Price paid: £ 31
Purchased from: eBay
Sound — 9
Noiseless. No bypass but crystal clear. It's not perfect when pitch shifting, but such a thing is totally impossible and even pedals 10x the price have tracking issues; this has a little difficulty at times but for the most part is awesome. Being able to custom mix the dry feed in gives you access to organ sounds and so on. Pretty fun to play with. Not sure on flutter or detune, but it's largely a Whammy pedal and they're just bolt on afterthoughts. I bought it to play some of Morello's stuff and with a tremolo the into to Demiurgo using the organ sound that can be created using pitch shift.
Overall Impression — 9
Far from perfect, but if you want a flexible pitch shifter for next to nothing for home recording or maybe occasional gig use, it's a good deal. I looked at the DigiTech Whammy and the Boss PS-5/6, but the Whammy is very expensive, supposedly not as good as it used to be and doesn't have a lot of flexibility while the PS-5 was discontinued and the replacement PS-6 is missing a lot of features and is far more expensive. If there's one thing I'd like, it's an analogue footpedal like a Wah or the Whammy, but for this price point, it's probably better to keep it simple.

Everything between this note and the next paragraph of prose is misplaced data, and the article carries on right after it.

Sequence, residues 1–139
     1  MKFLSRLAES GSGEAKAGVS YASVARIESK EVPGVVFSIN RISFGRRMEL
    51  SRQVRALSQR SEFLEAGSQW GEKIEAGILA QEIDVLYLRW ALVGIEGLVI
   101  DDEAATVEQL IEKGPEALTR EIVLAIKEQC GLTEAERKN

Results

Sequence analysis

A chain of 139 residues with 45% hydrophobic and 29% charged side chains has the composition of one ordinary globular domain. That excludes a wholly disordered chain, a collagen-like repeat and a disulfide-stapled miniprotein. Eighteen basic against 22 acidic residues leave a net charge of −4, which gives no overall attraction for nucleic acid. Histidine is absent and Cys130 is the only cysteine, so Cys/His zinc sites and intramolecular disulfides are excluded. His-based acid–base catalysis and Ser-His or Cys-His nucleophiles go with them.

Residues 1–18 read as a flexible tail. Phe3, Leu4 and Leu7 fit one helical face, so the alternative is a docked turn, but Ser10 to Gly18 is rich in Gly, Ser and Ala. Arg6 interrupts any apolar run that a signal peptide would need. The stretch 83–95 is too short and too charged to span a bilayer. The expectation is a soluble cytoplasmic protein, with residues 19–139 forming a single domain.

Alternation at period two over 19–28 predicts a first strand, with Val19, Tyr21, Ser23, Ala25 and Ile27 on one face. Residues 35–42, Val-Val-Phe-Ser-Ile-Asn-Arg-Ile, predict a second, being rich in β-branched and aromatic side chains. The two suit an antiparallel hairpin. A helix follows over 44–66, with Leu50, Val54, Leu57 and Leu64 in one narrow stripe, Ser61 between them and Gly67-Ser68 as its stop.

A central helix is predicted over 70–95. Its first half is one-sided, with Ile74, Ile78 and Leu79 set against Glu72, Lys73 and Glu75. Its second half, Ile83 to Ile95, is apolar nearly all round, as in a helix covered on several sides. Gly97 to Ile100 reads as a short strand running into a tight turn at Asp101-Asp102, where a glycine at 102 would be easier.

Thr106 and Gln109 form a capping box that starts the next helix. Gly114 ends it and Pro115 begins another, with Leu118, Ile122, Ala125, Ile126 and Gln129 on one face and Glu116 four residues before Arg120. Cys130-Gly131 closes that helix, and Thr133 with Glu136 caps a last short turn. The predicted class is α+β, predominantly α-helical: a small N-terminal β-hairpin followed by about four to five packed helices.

Reliability & Durability — 7
It's plastic, but rock solid. You can see how ridiculously thick the case is when you change the battery. The base is actually fairly thick metal as well. One area of concern, however, is the footswitch. Most of the pedals I've used have a fairly durable Switch mounted off-board with a flying wire so you can replace it if it goes wrong and it doesn't put any stress on the PCB. Behringer have fitted a very standard surface-mount clicky button (metal square with a big plastic circle and four smaller ones) and a lot of sponge. Eh, it hasn't broken, but I don't expect that to last.
Ease of Use — 4
For the most part, the pedal's easy to use. Flick to the mode you want, put the pitch where you want and use the footswitch. However, it's not always clear what the dials do in each mode, there's no way of storing presets and the dials appear to be misaligned to the silkscreen meaning you have to listen and count changes; (or look at the LED) Battery is in an awkward place; the hinge is actually a spring pushing two cylinders apart which hold the footswitch on which you remove with "a ballpoint pen" (I used a DS stylus) and then replace trying not to misplace the spring.